Using the exposure excuse is simple and almost addictive in its ease of acceptance, but it could land you in jail.
After William Carter, a Dallas firefighter, allegedly lied about having Covid so he could skip work to go on vacation in March 2021, he was arrested and charged with felony theft (he was paid more than $12,000 for the time he was on vacation). He is on paid administrative leave while under investigation, according to the city of Dallas.
In July, Santwon Davis of Atlanta was sentenced to three years in prison and ordered to pay $187,550 to his employer for wire fraud related to a scheme to defraud his employer when he requested and received paid time off from work for what he claimed was a positive Covid-19 test.
Mr. Davis was accused of submitting a fake medical record to his employer, a Fortune 500 company, which shut down the facility in which he worked for cleaning, and paid all the employees during the shutdown. (Investigators also uncovered that in 2019 Mr. Davis faked the death of a child — one who did not exist — by creating and submitting false documentation to the same employer to support a claim for bereavement leave.)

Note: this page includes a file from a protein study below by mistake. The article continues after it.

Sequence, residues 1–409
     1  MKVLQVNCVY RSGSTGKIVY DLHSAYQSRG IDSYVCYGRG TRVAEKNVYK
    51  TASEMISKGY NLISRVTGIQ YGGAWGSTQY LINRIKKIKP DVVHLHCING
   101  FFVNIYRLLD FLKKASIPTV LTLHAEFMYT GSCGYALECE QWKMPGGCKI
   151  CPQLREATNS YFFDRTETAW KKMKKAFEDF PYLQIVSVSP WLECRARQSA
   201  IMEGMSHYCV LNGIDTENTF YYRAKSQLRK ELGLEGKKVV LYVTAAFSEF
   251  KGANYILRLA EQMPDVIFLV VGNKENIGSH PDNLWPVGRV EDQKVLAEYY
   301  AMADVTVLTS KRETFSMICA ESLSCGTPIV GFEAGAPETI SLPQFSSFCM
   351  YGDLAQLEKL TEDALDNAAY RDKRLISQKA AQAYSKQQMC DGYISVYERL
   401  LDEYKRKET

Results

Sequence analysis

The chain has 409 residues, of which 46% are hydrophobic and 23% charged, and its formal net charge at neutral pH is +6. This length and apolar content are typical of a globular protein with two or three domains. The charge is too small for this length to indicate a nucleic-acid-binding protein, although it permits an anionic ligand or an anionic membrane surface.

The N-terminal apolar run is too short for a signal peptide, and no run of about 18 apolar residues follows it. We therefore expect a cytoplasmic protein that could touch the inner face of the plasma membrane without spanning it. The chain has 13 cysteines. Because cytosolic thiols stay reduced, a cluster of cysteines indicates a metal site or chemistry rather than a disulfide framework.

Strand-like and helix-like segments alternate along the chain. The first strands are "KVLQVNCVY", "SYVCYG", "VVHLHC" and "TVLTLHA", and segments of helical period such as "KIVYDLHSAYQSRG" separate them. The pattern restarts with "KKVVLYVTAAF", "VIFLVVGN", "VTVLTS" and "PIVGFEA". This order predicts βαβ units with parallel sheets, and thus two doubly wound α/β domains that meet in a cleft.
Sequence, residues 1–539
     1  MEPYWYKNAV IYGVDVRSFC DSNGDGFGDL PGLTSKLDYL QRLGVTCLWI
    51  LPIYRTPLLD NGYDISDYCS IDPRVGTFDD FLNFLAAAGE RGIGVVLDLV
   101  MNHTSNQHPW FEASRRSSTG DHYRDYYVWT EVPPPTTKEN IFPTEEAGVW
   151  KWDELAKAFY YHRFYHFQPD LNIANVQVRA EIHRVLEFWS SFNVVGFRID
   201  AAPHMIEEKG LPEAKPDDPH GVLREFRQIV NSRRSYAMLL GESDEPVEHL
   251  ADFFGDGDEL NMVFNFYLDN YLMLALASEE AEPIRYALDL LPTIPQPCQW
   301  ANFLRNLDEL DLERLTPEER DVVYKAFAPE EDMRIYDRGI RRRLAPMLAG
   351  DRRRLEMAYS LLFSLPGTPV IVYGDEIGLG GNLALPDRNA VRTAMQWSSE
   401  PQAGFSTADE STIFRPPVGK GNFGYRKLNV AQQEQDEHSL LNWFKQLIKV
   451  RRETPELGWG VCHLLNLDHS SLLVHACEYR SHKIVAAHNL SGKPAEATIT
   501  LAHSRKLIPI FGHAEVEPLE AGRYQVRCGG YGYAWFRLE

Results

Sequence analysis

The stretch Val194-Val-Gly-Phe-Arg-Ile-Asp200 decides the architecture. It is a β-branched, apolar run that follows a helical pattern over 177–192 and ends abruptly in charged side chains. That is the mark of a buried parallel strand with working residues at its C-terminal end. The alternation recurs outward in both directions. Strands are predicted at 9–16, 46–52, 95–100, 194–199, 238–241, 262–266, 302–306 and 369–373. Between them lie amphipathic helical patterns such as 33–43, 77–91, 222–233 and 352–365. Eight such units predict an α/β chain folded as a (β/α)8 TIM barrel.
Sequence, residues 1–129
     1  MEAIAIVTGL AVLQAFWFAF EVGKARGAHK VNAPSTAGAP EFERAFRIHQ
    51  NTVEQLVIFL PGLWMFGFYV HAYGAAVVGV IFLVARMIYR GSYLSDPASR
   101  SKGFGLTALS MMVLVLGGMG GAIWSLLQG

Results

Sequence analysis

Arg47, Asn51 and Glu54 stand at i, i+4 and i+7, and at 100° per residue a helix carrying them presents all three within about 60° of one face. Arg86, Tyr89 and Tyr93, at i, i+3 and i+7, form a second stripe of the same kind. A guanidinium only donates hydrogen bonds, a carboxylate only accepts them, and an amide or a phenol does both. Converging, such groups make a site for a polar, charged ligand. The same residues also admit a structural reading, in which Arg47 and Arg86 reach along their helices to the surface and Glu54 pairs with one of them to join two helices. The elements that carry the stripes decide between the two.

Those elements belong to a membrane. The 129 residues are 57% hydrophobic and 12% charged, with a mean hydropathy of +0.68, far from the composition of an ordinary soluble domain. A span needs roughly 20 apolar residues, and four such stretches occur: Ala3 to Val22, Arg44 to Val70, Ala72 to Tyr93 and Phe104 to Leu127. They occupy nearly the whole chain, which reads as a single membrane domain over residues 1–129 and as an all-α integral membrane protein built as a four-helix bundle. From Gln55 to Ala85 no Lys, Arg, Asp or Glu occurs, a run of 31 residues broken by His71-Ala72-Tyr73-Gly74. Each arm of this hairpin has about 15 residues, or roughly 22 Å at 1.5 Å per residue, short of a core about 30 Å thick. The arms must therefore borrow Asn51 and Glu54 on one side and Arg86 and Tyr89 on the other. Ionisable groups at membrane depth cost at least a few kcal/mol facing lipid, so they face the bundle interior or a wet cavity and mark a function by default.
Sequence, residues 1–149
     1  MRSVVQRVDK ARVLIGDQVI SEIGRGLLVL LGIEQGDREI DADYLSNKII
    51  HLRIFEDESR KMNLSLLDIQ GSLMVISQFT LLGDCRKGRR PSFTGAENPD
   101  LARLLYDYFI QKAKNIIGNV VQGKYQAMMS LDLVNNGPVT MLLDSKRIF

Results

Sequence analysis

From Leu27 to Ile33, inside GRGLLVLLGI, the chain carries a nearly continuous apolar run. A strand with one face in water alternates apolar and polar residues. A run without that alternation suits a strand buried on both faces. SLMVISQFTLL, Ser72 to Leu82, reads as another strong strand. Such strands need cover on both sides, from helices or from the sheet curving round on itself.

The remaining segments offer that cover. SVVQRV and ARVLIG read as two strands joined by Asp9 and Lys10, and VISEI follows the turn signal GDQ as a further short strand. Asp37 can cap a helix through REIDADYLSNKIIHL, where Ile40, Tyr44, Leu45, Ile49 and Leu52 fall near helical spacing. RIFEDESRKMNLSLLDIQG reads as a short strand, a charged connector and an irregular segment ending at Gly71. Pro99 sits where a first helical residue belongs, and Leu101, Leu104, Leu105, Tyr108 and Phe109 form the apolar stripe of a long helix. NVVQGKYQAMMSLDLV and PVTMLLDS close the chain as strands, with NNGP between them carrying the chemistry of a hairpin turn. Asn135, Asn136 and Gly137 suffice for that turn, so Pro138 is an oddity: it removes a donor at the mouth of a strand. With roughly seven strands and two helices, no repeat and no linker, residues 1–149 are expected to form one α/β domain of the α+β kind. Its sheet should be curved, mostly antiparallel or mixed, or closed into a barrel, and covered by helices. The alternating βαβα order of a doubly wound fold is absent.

But those are extreme situations. When someone pulls the exposure card to get out of a date or even a wedding, is it so different from using your kids as an excuse not to go, well, basically anywhere you don’t feel like going?
Jamie Hickey, a human resources specialist at Coffee Semantics in Philadelphia, said he and his wife were supposed to attend two weddings within a 10-day period this past June. They really didn’t want to go, but couldn’t think of anything that would get them out of both events with one swift lie.
“So we told them that I had a close encounter with someone that has since tested positive for Covid, and I had tested positive but was not having any bad symptoms,” Mr. Hickey, 42, said. “We told them we didn’t want to come to a large event and possibly pass along the virus to anyone else.”
The lie worked a little too well, and the couple was inundated with phone calls, texts and emails from dozens of people making sure the Hickeys were OK. Did they need soup? Medical care? Assistance of any kind? Covid is, after all, no joke.
Finally, Mr. Hickey admitted that they lied, which led to many lectures about his lack of morality.
“In the end,” he said, “it may have been easier to just go to the weddings and drink for free.”